Friday, April 13, 2012

Unwanted House Call

We had a nice Friday dinner at my mom’s house. We stayed a bit later than usual and got back to our house around 11pm.  For some reason, the motion-sensitive light at the car park didn’t turn on. “I should replace the light bulb tomorrow” I thought as I walked over to the front door. The minute I stepped through the door I knew something was wrong. “Someone broke into the house” I said, “Call the police!”

Our messed-up home office
There were muddy footprints at the entrance hall. I ran to the kitchen, and saw our back door wide open. I rushed to the master bedroom - the nightstands’ drawers were wide open and the content of our closets were spilled on the floor. I hurried upstairs and found our study in a state of complete disarray - boxes and furniture were randomly piled on the floor. Our safe-deposit box was gone!

A police patrol car got to our house within 10min. They seemed quiet accustomed to such a scene. “There were several burglaries in the neighborhood tonight” one of the officers said.  She sat us down and took a statement. “Don’t touch anything with your hands” the officer said, “a crime scene investigator will come looking for fingerprints in the next day or two”. The officers left.

My daughter didn’t want to spend the night alone in her room. She slept in our bed, while I laid down on the living room sofa. The thought that strangers roamed through our house touching our private stuff gave us an eerie feeling.

The crime scene investigator (CSI or (מז"פ showed up the next morning. The officer showed us a long list of addresses he had to visit that day. “It has been a busy Friday night for the burglars” he said, “and by the way - your neighbors’ house was broken into as well last night”. Must have been a 2-for-1 deal for those bastards I thought.

The CSI officer was cordial and professional. “They had a reconnaissance visit before” he said, and showed us marks on the grass that were there for a few days. Realizing that our house was under watch for a few days didn’t make us feel any better. He walked us through the break-in path and showed us places where hand marks were still visible. Unfortunately the burglars used cloves and left not fingerprints behind. “These are professionals” said the officer, “they spent less than 10min in the house, quickly searching for valuables”.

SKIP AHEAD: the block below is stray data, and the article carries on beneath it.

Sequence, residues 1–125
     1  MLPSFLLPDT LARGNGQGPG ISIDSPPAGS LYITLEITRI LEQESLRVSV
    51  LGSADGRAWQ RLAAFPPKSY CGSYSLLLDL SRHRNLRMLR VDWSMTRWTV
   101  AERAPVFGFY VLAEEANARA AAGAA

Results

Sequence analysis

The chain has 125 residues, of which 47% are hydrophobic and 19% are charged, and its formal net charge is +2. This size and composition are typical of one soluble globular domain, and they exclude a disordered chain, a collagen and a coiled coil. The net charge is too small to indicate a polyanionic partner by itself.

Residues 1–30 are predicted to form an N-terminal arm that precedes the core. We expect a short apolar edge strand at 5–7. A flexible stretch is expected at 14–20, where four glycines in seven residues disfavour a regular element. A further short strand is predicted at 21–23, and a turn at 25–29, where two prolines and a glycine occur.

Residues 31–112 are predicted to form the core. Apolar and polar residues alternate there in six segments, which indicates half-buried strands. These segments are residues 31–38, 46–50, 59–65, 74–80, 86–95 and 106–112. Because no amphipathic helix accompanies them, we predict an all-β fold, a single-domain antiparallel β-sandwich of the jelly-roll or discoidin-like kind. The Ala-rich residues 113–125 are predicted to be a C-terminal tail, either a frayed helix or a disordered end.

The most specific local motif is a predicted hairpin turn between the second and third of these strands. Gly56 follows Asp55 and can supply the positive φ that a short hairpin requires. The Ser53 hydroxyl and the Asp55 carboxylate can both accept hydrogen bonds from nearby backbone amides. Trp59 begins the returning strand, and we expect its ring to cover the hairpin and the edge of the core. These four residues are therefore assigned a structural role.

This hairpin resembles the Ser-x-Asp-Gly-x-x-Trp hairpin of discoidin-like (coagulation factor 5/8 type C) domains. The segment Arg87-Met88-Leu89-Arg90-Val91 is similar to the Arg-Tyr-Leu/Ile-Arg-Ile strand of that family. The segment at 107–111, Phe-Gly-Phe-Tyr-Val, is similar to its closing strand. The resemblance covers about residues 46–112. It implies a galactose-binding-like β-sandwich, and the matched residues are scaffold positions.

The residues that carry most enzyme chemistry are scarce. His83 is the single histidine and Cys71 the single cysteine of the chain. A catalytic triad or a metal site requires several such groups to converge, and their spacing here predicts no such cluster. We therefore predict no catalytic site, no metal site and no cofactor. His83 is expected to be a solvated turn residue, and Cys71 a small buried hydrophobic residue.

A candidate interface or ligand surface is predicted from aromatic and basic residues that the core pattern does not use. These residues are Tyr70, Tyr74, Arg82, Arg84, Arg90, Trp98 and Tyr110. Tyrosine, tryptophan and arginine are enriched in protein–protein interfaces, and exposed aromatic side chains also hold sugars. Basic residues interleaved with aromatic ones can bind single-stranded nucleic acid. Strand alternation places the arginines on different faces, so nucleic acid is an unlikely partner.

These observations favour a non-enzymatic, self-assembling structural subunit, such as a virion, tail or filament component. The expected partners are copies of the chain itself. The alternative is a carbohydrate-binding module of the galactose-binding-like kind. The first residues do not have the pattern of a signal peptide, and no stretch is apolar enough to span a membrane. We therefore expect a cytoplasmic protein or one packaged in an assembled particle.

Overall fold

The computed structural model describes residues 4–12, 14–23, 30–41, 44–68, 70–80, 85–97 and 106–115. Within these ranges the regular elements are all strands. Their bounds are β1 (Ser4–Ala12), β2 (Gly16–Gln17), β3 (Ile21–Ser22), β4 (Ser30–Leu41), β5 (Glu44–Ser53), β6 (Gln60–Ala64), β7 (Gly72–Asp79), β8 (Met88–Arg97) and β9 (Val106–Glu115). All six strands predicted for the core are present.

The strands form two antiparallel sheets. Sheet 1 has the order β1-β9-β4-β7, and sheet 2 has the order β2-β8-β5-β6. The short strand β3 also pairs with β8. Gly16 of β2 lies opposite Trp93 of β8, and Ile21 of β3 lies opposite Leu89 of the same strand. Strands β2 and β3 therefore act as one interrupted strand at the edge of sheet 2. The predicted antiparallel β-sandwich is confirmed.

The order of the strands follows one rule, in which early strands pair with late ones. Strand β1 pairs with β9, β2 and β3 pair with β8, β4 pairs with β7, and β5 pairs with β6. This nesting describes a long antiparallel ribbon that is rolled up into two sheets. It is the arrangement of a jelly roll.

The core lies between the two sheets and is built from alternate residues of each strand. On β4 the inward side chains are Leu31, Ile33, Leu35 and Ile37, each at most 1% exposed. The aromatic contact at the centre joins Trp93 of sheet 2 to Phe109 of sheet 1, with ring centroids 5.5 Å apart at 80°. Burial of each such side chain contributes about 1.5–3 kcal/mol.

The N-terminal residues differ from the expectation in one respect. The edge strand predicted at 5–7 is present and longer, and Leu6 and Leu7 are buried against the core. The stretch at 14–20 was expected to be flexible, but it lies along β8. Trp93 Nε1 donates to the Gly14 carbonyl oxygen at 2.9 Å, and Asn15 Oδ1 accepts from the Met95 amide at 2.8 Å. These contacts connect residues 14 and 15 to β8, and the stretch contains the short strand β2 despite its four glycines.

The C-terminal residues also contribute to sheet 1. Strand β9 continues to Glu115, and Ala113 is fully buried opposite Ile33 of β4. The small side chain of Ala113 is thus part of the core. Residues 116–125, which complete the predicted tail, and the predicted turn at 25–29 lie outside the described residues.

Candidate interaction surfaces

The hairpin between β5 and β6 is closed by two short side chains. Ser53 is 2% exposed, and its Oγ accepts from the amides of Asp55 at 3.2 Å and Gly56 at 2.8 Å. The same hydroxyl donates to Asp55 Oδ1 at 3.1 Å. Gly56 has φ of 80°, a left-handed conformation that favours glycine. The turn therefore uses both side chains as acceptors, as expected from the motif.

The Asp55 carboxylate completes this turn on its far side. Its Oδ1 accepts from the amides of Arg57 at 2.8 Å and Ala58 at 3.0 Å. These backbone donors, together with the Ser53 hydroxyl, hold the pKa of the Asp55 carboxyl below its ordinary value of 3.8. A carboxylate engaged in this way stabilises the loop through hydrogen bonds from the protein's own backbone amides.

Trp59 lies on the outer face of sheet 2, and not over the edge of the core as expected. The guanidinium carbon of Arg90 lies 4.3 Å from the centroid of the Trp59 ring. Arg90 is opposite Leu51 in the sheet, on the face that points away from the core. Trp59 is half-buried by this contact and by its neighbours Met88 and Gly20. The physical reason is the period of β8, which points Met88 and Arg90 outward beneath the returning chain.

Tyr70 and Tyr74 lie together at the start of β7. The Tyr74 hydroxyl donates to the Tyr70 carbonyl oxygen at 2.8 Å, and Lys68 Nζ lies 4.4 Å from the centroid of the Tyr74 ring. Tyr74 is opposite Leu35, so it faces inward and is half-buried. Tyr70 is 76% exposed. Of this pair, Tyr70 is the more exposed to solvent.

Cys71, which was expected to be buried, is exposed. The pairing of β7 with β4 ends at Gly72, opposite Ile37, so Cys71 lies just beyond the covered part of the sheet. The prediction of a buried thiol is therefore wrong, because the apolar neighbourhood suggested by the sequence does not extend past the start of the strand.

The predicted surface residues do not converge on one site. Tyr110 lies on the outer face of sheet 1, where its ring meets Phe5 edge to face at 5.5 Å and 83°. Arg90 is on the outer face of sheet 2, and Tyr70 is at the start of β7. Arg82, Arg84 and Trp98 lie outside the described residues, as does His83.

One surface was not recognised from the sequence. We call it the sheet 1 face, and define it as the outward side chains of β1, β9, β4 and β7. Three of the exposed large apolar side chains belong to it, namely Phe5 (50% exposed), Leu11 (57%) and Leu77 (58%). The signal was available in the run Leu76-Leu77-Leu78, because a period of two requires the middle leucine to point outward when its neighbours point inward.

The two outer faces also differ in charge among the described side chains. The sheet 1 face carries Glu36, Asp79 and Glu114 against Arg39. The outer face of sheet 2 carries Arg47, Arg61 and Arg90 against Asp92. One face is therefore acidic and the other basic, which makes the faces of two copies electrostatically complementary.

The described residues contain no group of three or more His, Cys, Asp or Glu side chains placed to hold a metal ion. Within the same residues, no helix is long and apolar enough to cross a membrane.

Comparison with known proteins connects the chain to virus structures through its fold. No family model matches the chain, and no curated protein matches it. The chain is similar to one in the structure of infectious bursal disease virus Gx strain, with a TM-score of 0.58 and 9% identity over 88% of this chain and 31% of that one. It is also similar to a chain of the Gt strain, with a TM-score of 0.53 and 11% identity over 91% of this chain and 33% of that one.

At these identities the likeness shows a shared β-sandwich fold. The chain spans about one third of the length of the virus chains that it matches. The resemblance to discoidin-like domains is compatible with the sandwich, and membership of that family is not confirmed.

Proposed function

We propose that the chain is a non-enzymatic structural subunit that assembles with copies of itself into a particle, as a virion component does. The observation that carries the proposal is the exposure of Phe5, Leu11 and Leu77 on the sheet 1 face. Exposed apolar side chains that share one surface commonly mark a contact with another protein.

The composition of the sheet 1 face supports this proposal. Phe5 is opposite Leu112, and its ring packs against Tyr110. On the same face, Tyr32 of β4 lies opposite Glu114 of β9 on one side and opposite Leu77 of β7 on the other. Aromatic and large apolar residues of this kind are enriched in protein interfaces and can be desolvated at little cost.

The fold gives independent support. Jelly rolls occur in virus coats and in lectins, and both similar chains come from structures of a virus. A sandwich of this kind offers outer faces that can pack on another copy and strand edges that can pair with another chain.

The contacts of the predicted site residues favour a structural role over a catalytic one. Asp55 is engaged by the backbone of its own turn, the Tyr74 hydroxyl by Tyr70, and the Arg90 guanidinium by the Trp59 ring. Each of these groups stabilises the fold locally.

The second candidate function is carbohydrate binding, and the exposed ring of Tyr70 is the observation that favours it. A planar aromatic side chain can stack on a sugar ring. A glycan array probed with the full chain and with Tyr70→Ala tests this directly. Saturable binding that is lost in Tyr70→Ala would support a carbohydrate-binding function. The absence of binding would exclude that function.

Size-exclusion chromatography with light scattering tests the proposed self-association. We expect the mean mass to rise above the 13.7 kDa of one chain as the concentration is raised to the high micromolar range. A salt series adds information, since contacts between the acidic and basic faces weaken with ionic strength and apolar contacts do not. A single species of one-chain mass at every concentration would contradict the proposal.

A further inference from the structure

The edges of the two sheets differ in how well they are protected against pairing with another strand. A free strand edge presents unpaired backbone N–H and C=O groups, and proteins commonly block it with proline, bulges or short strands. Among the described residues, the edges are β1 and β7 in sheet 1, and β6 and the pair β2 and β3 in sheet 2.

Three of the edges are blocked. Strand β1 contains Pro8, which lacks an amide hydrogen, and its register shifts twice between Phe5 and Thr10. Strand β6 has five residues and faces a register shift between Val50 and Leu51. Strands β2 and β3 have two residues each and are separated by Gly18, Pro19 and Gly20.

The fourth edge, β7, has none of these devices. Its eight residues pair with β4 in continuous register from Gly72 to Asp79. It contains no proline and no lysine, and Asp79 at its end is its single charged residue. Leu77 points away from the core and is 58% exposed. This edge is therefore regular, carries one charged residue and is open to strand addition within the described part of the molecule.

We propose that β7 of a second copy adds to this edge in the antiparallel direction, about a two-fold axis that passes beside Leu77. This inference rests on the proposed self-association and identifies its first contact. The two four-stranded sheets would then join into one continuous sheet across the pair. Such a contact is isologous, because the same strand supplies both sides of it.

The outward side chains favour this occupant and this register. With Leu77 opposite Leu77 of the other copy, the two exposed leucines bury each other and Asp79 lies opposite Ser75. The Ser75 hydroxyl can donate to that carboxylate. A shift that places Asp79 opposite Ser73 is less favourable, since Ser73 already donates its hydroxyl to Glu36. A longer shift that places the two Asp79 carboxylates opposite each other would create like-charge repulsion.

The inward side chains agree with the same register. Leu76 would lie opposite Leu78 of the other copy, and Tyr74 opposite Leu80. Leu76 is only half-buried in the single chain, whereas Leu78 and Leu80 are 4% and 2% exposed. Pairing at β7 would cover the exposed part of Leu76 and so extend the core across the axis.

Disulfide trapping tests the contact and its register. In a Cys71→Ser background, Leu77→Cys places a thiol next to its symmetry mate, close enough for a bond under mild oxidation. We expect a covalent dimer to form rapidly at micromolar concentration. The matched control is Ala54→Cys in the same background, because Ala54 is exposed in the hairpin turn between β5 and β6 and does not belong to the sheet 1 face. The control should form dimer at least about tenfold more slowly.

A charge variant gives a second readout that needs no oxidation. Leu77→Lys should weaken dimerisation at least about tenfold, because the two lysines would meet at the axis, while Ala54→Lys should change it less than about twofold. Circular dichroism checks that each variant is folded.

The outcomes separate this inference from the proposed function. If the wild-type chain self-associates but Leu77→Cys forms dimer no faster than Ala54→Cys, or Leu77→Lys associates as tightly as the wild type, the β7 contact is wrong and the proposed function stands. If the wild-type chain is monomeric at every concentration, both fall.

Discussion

Next to show up was the insurance company investigator. He seemed all too familiar with such scenes as well. He took a statement from us and left us some paperwork to fill. “Unfortunately I have to recommend to the insurance company that you install a burglar alarm system”. He said. “I realize these are rather useless against professional burglars, but that’s the procedure I am afraid”.

Alarm systems don’t stop these bastards. Our next door neighbor had an alarm system in place. It was quickly and quietly neutralized. Another neighbor down the street had a full home security system with cameras, sensors and what not. It was neutralized as well when his house was broken into. These criminals are no amateurs. The only thing that might slow them down is security cameras placed in street corners and frequent police patrols.

So here we are. Short of some valuables, missing important documents, burdened with fixing broken windows and installing a (next to useless) alarm system. Not fun. Not fun at all. And unlike terrorist threats or the specter of a missile attack, a break-in hits you close to home. Actually it hits you right at home.

1 comment:

  1. I'm so sorry to hear your story. It's been a long time since anything was stolen from me, but I still remember clearly the strong feelings it aroused. Condolences.